The oldest evidence of attendance in the prehistoric and proto-historic site come from the necropolis explored over the 19th century by Stevens, whose rich grave goods have been recently exposed in the topographic area of the National Archaeological Museum of Naples.
Of Ancient Cuma – the first among the colonies of Greek western populations, founded at the expense of the local Osco-Samnite populations in the second half of the eighth century BC by Euboeans-Calcidesi previously settled in the emporion Pithekoussai (then Aenariain Ischia island ) – you can actually visit the acropolis with the temples of Apollo and Jupiter, the first plant which dates back to the Greek, and the so-called ” Sybil’s cave “, reported by tradition to oracular cult of Apollo but built almost certainly for defensive purposes.
The other tunnel, known as the Roman Crypt or “Cocceio cave”, with which one linked in the late Republican time the port of Cuma with Portus Iulius on the lakes of Averno and Lucrino, in order to strengthen the military area, it is accessable from the square located in front of the Antro of Sybil and from which you take the Sacred way, which leads to the Acropolis.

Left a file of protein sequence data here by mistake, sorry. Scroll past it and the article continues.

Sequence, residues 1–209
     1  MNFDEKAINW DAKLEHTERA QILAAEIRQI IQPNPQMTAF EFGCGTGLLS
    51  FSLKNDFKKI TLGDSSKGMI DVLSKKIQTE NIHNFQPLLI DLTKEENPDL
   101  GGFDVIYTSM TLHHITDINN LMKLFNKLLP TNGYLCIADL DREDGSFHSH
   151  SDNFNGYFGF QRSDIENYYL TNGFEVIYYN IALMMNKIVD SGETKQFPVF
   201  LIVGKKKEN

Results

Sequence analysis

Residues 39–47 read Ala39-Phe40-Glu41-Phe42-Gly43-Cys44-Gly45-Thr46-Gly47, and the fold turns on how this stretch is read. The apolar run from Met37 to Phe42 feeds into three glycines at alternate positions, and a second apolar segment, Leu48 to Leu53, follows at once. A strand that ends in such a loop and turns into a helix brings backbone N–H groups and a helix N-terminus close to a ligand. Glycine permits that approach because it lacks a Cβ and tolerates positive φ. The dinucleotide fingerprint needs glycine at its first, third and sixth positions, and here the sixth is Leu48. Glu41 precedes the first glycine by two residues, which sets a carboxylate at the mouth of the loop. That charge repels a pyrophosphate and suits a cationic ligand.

From there you can also see the remains of the “lower city”, with the Italic Temples of the Forum and the beautiful ruins of a thermal building called “Masseria del Gigante”, the amphitheater recently brought to light, as well as the ” Arco happy “, implanted on the pass which was opened in Mount Grillo, the eastern border of the ancient city, for the passage of the old via Domitiana.
The remains of a sanctuary of Isis, come out during the new archaeological investigations carried out in the proximity of the city’s port, prove the spread of the Egyptian cult of Isis in the Phlegraean area. Along the north coast of the city, at the Torregaveta hill, they survive, finally, the remains of a luxurious seaside villa there ,Servilio Vatia built it in the first century A.D.